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This weeks blog post is in conjunction with the Blog-A-licious Blog Tour. The topic for this week is “A  World without Books”.  I’m not going to talk about what a world would be without books as just think of ‘Hell’ and subject closed.  So I’m going to talk about the Paradigm that’s occurring in book publishing that is changing how we look at, feel and think about ‘books’ today with an opposite concern of a world of books without any controls on it.  Please see http://peacefrompieces.blogspot.com/ for the addresses of the other bloggers discussing this subject also.  Thank you and leave your comments and thoughts below.

Every week there’s a half a dozen blogs and articles written about the changing publishing world and the future of books. There are as many opinions as there are writers and they’re scattered across the landscape like Saguaro cacti in the deserts of the Southwest.

Will paper books survive? Will ebooks reign supreme? Will publishing houses go bankrupt? Will libraries close their doors? And on and on.


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This past Friday, June 15th,  the great Wallenda walked across Niagara Falls.

What is the history of those daring men and women who challenged Niagara over the years?

In tribute to Wallenda’s feat, I’m rerunning a post I did a while back about them.


   Ahhh –  Niagara, nature’s majestic triumph,

                                                             God’s glorious gift to humanity,                                                                                                              

Home of those….


For strange – unknown reasons, NIAGARA has been (and remains) a mystic magnet, pulling in people who have thoughts of fame and fortune or just plain weird and crazy thoughts about becoming a part of the drama of the mighty cataracts – and some fulfill their dream and remain forever in Niagara’s lore (and depths).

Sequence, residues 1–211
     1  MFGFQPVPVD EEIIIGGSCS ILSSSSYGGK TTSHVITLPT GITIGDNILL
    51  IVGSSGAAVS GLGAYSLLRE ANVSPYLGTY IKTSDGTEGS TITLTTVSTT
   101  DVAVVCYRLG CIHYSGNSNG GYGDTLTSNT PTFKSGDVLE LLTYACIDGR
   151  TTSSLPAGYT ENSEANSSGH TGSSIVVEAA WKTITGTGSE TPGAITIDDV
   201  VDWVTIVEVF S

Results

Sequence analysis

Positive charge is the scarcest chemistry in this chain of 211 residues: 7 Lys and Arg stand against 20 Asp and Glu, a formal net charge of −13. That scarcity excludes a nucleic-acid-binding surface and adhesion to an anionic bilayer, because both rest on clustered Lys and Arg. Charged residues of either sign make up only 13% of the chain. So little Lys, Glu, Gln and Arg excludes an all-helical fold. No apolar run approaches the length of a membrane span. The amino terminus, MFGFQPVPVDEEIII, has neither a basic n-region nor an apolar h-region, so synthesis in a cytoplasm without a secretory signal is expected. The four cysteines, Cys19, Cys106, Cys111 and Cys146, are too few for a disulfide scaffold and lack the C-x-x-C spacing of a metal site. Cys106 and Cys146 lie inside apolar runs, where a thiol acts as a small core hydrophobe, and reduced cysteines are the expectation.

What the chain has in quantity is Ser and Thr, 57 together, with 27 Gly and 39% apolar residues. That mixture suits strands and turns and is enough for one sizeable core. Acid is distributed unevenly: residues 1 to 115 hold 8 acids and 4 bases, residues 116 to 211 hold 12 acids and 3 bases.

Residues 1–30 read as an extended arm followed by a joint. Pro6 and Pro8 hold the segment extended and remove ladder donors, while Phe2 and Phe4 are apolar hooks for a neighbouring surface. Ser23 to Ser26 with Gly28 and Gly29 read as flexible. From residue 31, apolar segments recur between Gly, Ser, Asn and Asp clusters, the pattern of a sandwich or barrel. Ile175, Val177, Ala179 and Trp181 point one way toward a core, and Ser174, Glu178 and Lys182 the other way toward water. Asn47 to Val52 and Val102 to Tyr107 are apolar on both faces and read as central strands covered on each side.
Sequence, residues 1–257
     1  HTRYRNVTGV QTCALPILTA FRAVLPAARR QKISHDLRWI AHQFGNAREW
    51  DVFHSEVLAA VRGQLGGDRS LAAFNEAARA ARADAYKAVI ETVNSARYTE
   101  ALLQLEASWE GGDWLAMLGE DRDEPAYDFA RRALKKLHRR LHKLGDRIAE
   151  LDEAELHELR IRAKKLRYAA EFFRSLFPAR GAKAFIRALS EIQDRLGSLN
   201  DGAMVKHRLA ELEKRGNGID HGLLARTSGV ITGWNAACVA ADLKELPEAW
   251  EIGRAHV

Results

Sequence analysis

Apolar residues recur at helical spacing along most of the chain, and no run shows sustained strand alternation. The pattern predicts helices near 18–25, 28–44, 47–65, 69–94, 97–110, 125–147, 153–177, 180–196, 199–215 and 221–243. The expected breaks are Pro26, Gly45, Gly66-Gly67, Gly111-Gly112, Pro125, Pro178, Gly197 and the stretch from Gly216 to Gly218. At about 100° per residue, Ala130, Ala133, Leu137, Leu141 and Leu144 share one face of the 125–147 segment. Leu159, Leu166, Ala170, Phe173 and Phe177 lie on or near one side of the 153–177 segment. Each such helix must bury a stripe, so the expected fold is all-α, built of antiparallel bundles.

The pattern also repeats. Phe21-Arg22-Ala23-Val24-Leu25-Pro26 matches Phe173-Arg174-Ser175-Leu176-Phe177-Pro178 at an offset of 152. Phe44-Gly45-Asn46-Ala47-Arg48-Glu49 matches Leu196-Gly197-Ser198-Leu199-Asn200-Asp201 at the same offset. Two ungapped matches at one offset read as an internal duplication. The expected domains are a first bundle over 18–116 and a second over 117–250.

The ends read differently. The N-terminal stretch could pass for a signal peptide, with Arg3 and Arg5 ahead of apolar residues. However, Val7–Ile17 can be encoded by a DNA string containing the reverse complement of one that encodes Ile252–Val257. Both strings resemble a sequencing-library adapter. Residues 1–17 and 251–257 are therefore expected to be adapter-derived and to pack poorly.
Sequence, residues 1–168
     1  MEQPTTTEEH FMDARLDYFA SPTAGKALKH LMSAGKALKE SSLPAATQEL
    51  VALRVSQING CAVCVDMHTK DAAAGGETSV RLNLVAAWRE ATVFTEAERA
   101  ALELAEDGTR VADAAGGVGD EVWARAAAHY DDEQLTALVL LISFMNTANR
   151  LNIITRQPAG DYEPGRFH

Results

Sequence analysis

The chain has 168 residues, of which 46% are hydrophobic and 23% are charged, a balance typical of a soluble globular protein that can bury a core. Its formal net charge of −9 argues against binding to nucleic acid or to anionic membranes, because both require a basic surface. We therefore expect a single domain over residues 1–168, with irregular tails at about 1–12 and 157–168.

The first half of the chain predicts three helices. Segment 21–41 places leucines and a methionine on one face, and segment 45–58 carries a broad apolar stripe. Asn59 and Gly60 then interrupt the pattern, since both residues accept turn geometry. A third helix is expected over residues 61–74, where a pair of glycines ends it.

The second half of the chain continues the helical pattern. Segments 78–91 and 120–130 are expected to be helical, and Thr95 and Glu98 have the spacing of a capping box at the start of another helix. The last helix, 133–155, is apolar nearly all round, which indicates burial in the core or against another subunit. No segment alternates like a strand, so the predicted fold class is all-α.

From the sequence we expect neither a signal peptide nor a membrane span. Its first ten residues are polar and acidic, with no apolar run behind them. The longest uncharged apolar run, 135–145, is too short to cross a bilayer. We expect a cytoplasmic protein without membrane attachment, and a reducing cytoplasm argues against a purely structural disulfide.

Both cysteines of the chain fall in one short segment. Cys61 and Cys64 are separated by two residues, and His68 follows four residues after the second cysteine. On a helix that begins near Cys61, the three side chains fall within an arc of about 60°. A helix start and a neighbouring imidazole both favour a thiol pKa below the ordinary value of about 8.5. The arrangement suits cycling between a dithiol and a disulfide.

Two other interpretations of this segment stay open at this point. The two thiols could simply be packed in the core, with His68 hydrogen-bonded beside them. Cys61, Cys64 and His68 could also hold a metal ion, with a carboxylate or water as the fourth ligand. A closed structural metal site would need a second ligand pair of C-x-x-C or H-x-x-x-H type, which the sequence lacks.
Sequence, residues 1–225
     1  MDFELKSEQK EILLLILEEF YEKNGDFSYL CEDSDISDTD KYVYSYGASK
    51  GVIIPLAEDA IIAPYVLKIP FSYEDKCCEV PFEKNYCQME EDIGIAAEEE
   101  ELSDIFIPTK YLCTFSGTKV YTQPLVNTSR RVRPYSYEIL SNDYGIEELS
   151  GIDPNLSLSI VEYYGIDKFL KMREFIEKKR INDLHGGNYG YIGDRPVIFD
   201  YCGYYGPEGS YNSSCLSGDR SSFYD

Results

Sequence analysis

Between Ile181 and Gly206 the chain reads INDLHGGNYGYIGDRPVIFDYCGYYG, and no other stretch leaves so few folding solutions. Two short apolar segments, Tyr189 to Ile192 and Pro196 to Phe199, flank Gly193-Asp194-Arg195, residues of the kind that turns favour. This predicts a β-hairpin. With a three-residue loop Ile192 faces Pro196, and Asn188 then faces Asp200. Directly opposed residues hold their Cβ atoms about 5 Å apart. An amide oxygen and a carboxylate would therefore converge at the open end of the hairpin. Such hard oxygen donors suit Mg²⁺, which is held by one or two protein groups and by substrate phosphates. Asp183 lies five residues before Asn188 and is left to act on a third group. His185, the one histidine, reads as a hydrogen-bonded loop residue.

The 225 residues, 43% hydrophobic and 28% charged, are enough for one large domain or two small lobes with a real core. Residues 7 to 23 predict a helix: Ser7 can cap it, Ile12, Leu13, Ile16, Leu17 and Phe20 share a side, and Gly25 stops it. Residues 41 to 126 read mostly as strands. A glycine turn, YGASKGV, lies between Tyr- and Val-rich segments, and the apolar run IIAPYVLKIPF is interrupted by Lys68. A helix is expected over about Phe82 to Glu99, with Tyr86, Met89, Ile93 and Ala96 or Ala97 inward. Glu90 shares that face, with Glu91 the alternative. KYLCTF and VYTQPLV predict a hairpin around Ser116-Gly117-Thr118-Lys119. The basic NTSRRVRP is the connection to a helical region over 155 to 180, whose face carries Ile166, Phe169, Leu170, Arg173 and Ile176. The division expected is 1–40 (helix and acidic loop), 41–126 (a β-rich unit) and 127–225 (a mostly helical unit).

“The pictures we liked the best (meaning those we argued the most about) were of those daredevils who’d done those bad-ass tricks and stunts over the Falls. While those pictures were exciting, they made us feel cheated as well, because the cops didn’t let anyone do cool things like that anymore.” Kevin; ‘Bridges – a Tale of Niagara’

Beginning in 1827 (see last week’s post “the ‘Pirate’ ship, the buffalo and the loss of innocence”) and right up to the present, people have challenged Niagara.  Whether it’s the surging brink itself, the powerful whirlpool, the steep walls of the gorge above or the raging rapids below – there’s been a steady stream of human fodder offering themselves to the water god in exchange for a moment of glory. Cowabunga!! 

The age of the Niagara stuntmen had begun!


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It was appalling how quickly the ‘takers’ had converged on the river.

Overnight taverns, hotels, mills and souvenirs shops had sprouted up everywhere, each vying for the best location and view of the mighty Falls to fill their insatiable selfishness and greed.

It was only a few short years earlier that a trip to Niagara, to experience the great cataracts, was both difficult and dangerous, available only to the hardy and the adventurous. Access to Niagara was overland, either by carriage, horseback or on foot. The journey was long, tedious and bruising.  Routes were few, roads were bone jarring and treacherous, taking days to cover only a few miles.

But it was worth it, to see the majesty of creation in its fullest glory and radiance, untouched, unspoiled, unblemished by human intervention. Just the pure beauty and splender of nature.


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Silently the moon hides, the earth is black.

So black you cannot see the hand held in front of your face. The sky opens and the moon winks from behind the clouds offering you the silhouettes of the trees.

The moon likes playing with the earth.

The ground is cold and damp but warms quickly from your body as you sit on a cushion of leaves and dew-laden grass. The crisp pungent odor of earth mingled with fallen leaves rises from the ground – the perfume of the forest.  You breathe in, pulling the fragrance deep into your soul. It mixes with your blood, flows through your body filling it with the essence of earth. “From dust you came and to dust shall you return“. You merge with the forest.

You are alive. The forest knows you and it welcomes you.